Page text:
It's telling that fellow testers used adjectives such as pleasant, immersive, fun, roomy rather than neutral and super-accurate. I have no problem with that; it's the sound 1More is striving for. Where this signature really works, actually, is when listening to movies. The H1707s are impressive at conveying dialogue and scale in equal measure, and I found the forward treble to work a treat in generating the right soundstage. As it's more in front of you than around, which is exactly what movies need, it sounds wonderful in key scenes during the most tense moments of Interstellar - you know, where the two ships are trying to dock!


Priced at £180, 1More's H1707 over-ear headphones fit the bill from an aesthetic and build viewpoint. Eschewing garish colour schemes and opting for a minimalist look does them style favours, and I'd imagine that passers-by will wonder exactly which cans you have on. Offering a snug fit, perhaps too snug for some, there's minor sound leakage that's acceptable for everyday use.

Cabling is mostly decent, though I'd encourage 1More to have a model with an in line remote, while packaging is excellent. Most importantly, sound quality is best described as immersive and fun rather than refined and accurate. There are more neutral music headphones available for the same money - Sennheiser Momentum 2.0 spring to mind - but if you like your audio strong and visceral, the H1707s are a good shout.

They work particularly well for movies thanks to a forward soundstage, so they're good at a lot of things without being truly excellent in any one area. I'd recommend putting the 1More H1707 triple-driver, over-ear cans on your listening shortlist, but given the industry's move to wireless, wouldn't it be nice if they were cable-free, too?

The Good
The Bad
Silver finish looks great
Snug and comfortable
Great for movies
Detachable cable
Immersive and fun sound
No in-line remote
Not the most accurate sound

1More H1707 Triple-Driver, Over-Ear Headphones


The reviewed headphones are available from Scan Computers*


At HEXUS, we invite the companies whose products we test to comment on our articles. If any company representatives for the products reviewed choose to respond, we'll publish their commentary here verbatim.

*UK-based HEXUS community members are eligible for free delivery and priority customer service through the SCAN.care@HEXUS forum.

HEXUS Forums :: 3 Comments

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I use Beyerdynamic MMX 300 Gen 1 for gaming, really great headset paired with a Sound BlasterX AE-5, would never go back to “gaming” headsets.
Based on that review, they sound (excuse pun) almost as if they're either a bit schizophren7c about whether they're audio headphones or gaming, or kinda straddling between them truing to be both.

It is at exactly that point that a potential buyer's expectations become critical.

Personally, I'd buy audiophile headphones for listening to music, and reserve the “fun and immersive” type of gaming. In fact, I did. For music, my “audiophile” phones are Stax Electrostatics, and a pair of Sennheisers (at just a bit above this price point) for more everyday use. Gaming? A decent gaming-grade amp and speakers, but that's not where my priority lies.

1More have a big job on their hands because, again personally, I would take some convincing to look at anything other than traditional brands (Grado, Senn, AT etc) for audio use, and unless these were a lot cheaper, so unless they hold their isn compared to say £300 models from those brands, I'd need convincing to even give them a chance. I suspect many ‘audiophile’ (don't like that sord, it has snobby connotations) users would be the same.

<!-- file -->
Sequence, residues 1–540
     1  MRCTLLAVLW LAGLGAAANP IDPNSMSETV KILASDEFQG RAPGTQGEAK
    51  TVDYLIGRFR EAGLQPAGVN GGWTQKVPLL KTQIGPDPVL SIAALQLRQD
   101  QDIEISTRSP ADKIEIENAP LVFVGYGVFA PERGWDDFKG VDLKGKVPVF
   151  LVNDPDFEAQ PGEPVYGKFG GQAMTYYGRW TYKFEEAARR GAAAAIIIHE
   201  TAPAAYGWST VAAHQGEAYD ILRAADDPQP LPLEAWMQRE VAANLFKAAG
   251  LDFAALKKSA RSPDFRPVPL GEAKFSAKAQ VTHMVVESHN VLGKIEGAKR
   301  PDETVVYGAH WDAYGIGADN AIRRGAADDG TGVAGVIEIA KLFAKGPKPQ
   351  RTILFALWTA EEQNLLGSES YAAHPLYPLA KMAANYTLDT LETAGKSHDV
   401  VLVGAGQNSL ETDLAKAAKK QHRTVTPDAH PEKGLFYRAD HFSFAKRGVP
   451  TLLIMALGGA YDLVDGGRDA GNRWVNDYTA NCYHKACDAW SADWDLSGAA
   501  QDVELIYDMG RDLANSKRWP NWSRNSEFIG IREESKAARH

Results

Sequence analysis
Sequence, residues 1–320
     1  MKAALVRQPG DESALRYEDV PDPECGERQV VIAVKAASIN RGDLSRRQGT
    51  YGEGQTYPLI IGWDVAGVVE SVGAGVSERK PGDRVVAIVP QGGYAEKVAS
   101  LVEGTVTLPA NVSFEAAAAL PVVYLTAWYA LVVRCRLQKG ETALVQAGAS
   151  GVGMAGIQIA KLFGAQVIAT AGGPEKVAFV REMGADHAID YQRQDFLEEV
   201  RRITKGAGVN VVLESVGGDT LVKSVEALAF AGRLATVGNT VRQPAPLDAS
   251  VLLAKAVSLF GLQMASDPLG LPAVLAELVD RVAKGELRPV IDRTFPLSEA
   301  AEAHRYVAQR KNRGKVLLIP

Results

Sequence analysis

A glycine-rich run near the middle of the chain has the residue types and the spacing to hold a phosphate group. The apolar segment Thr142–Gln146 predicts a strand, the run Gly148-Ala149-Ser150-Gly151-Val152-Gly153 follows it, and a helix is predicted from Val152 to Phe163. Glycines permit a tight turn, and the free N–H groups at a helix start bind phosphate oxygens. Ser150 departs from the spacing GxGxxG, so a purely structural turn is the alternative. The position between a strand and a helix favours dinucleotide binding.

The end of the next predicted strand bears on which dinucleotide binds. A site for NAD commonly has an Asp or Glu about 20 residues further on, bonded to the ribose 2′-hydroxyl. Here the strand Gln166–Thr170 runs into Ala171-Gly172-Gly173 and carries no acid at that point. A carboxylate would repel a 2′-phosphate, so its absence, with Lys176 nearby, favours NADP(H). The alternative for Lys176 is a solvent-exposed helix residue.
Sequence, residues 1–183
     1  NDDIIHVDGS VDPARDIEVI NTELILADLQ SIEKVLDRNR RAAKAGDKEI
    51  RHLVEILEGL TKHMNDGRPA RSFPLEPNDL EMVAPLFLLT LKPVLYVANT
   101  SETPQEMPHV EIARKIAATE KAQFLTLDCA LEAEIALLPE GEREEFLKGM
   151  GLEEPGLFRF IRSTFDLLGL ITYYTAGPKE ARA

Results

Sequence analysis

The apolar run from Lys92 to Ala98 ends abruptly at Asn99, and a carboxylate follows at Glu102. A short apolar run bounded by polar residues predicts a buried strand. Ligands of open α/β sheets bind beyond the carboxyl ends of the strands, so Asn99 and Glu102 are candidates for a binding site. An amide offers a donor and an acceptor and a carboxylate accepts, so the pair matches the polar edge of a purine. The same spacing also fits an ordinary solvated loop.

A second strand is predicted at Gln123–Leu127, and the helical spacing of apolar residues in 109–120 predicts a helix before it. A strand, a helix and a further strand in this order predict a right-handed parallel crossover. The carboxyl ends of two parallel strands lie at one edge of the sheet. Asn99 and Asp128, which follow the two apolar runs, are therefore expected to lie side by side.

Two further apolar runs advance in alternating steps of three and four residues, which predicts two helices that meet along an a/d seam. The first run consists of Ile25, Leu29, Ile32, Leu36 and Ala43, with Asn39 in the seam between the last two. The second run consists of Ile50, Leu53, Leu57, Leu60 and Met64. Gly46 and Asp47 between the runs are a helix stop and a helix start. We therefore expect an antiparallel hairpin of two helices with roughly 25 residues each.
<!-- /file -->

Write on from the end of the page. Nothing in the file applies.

And again persoanally, I would not buy this kind of kit, at that price point, without giving them an extensive listening first. I can find Graxo, Sennheiser, etc locally but these?

Why would I insist?

Because if I settle in to listen to music, I'm there oftrn for a couple of hours of more. Any headphone has to be physically comfortable for that period or it's a non-starter no matter how good it is audiowise.

Secondly, I have to like the sound. And that, as any serioys music fan knows, is very subjective. Two serious audiophiles can disagree over tje ‘best’ speakers or headphones simply because they prefer one sound profile over another.

So these 1More's are going to find (IMHO) breaking into that environment tricky, and seem better suited to someone buying a reasonably expensive set of cans that have to straddle both gaming and music users, and they seem a tad light on features for the gaming end.

Hence why I think they're a bit schizoid.

I'd certainly be interested to try them if I come across them locally, but I wouldn't go very far out of my way to do it.
They look like my Grados. I like my Grados. I won't be changing any time soon and they're getting on a bit now.

What's with the Graphene? Haven't there been problems with getting Graphene to perform properly due to purity issues anyway? Seems like a marketing thing to me but that's purely a gut reaction.

EDIT: Also, a comment on the cableless comment at the end of the review. I think anyone really serious about their music would be more than happy with a cable. Maybe gamers would prefer a lack of a cable but I've never really had an issue with them. I've had regular and serious issues with wireless stuff. It's an added expense, added weight due to batteries and frankly the sound is never as good. Anyone who understands how the signal is manipulated will understand that there WILL be loss by this method. Anyone serious about what they are listening to will want a cable. There are times you don't want one but, I feel these headphones don't meet that case.